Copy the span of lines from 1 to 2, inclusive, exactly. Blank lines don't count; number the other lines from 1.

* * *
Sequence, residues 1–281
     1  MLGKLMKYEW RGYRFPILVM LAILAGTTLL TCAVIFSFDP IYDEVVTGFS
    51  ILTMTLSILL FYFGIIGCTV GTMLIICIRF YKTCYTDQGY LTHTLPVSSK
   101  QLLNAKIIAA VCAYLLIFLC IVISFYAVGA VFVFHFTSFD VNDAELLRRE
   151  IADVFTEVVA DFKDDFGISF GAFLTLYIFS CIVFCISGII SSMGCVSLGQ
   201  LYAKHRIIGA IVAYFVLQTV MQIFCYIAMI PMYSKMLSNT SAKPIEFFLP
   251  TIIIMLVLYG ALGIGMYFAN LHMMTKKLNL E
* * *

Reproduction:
Sequence, residues 1–281
     1  MLGKLMKYEW RGYRFPILVM LAILAGTTLL TCAVIFSFDP IYDEVVTGFS